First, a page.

User-level dynamic tracing support was just added to bcc, a front-end to Linux eBPF. As a spooky example, let's trace interactive commands entered on all running bash shells, system-wide:
# ./bashreadline TIME PID COMMAND 05:28:25 21176 ls -l 05:28:28 21176 date 05:28:35 21176 echo hello world 05:28:43 21176 foo this command failed 05:28:45 21176 df -h 05:29:04 3059 echo another shell 05:29:13 21176 echo first shell again
This even sees commands that failed. bash doesn't need to be run in any special debug mode for this to work: all running bash shells are instrumented immediately, and new ones. You can walk up to a system that's never run eBPF before, and say: "so what's bash doing?" and then see. It's like a superpower.
Here's the entire bashreadline bcc/eBPF program:
This is tracing the return of the readline() function from /bin/bash, using a uretprobe (user-level return probe). The uretprobe runs a custom eBPF program, printret(), which prints the returned string. Because eBPF programs only operate on their own stack memory (improving safety), we need to use bpf_probe_read() to pull in the string for later operations (bpf_trace_printk()). This may go away: there's a lot of work in bcc to automatically do the bpf_probe_read()s for you, so you can write tools more easily.
This currently accesses the return value from the x86_64 %ax register, however, bcc should really provide an alias for this (eg, "rval"; it's bug #225).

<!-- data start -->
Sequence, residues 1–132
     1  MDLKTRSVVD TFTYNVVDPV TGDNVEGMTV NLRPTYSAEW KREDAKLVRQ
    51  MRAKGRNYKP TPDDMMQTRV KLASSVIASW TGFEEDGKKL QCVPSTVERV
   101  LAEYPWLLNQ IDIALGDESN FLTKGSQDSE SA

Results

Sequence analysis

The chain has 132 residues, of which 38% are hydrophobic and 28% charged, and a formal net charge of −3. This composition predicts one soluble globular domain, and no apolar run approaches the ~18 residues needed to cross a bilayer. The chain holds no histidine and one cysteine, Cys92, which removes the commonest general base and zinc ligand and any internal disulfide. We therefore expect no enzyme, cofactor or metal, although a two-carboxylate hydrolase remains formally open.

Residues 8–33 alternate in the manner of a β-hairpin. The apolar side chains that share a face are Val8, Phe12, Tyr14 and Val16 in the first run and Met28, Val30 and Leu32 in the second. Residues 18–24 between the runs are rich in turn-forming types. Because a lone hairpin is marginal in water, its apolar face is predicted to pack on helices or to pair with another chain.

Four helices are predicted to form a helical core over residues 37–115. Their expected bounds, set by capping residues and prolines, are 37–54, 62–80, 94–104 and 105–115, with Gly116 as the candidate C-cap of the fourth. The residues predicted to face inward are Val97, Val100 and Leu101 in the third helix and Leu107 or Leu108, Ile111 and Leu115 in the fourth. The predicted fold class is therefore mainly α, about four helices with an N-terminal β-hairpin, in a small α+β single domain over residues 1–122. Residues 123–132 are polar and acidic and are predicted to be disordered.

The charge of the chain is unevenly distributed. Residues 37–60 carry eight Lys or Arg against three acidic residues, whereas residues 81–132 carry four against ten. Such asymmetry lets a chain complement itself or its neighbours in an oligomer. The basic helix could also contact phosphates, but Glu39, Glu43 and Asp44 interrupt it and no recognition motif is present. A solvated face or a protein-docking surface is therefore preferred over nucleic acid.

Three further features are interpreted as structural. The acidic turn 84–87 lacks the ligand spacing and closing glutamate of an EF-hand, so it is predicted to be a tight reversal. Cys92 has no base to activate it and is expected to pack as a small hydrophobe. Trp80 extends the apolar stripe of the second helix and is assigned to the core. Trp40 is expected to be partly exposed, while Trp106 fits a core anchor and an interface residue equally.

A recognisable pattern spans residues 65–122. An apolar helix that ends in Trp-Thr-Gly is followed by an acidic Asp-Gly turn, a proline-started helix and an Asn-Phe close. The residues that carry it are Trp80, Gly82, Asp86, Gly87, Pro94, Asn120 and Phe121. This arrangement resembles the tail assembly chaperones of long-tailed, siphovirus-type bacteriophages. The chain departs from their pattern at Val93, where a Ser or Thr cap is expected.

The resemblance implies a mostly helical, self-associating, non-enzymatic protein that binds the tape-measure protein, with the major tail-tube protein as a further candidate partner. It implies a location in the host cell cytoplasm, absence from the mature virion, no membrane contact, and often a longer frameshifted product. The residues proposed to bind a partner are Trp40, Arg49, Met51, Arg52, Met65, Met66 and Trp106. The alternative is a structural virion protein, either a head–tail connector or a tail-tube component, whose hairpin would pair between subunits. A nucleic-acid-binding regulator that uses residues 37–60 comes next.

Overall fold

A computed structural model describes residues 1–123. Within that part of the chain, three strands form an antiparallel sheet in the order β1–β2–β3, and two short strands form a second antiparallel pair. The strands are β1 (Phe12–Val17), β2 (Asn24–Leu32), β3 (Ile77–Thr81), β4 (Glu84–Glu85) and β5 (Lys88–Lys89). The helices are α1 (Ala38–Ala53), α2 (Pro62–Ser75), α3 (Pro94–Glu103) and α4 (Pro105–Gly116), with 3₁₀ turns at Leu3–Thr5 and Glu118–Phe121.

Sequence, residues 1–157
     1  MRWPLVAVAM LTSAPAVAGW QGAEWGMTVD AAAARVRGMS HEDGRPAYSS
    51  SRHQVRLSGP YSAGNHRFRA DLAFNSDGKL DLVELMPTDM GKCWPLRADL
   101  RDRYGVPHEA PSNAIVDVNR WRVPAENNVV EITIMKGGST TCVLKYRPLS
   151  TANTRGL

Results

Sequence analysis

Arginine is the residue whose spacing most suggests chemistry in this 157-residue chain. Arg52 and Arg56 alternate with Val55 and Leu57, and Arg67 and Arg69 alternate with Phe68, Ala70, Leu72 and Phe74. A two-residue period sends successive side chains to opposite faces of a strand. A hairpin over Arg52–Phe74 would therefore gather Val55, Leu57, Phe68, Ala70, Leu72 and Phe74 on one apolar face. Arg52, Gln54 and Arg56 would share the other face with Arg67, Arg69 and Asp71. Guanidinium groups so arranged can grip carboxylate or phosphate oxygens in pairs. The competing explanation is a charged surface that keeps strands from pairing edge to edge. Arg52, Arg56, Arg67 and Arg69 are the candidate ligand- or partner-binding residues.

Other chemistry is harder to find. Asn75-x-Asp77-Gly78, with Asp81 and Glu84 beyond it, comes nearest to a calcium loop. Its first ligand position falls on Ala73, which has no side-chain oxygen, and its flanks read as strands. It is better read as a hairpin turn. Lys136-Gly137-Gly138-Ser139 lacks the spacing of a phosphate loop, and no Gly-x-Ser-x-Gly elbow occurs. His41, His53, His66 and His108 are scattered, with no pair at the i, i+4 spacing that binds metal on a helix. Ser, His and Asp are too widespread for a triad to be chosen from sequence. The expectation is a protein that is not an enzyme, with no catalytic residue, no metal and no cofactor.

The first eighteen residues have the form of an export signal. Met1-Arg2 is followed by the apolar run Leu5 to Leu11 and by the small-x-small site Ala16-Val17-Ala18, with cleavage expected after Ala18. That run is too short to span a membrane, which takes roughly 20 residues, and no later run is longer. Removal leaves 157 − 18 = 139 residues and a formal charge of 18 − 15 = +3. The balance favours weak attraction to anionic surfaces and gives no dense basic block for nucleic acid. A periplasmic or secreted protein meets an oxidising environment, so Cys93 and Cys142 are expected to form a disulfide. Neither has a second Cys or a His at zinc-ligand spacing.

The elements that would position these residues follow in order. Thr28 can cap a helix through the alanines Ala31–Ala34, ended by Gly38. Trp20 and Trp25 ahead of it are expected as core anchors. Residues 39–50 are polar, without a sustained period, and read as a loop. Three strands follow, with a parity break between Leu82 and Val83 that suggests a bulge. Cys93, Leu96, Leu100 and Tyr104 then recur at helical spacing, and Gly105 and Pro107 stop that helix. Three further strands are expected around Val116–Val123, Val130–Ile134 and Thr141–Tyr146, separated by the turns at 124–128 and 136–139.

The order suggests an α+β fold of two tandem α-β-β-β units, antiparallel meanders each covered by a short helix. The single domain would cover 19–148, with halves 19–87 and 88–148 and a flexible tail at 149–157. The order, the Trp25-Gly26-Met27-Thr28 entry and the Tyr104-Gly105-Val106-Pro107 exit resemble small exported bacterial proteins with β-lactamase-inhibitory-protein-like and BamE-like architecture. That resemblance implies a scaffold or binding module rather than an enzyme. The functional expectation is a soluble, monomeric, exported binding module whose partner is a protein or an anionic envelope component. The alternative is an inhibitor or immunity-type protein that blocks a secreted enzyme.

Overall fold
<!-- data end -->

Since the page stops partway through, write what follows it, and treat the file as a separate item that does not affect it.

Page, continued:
As another example, gethostlatency traces name lookups (DNS) system-wide:
# ./gethostlatency TIME PID COMM LATms HOST 06:10:24 28011 wget 90.00 www.iovisor.org 06:10:28 28127 wget 0.00 www.iovisor.org 06:10:41 28404 wget 9.00 www.netflix.com 06:10:48 28544 curl 35.00 www.netflix.com.au 06:11:10 29054 curl 31.00 www.plumgrid.com 06:11:16 29195 curl 3.00 www.facebook.com 06:11:25 29404 curl 72.00 foo 06:11:28 29475 curl 1.00 foo
This time it's tracing three libc library functions, system wide: getaddrinfo(), gethostbyname(), and gethostbyname2(). The relevant code from the program is:
b.attach_uprobe(name="c", sym="getaddrinfo", fn_name="do_entry") b.attach_uprobe(name="c", sym="gethostbyname", fn_name="do_entry") b.attach_uprobe(name="c", sym="gethostbyname2", fn_name="do_entry") b.attach_uretprobe(name="c", sym="getaddrinfo", fn_name="do_return") b.attach_uretprobe(name="c", sym="gethostbyname", fn_name="do_return") b.attach_uretprobe(name="c", sym="gethostbyname2", fn_name="do_return")
This attaches custom eBPF functions to the library function calls and function returns, via uprobes and uretprobes. The name="c" is referring to libc. Tracing both calls and returns was necessary to save and retrieve timestamps for calculating the latency. Check out the full program: gethostlatency.
User-level dynamic tracing is a new bcc/eBPF feature. I demonstrated it by tracing user-level functions and system library functions, and with two new tools: bashreadline and gethostlatency.
We have some work to improve uprobe usage, but that you can now use them at all is a big milestone.
References & Links
Thanks Brenden Blanco (PLUMgrid) for uprobe support!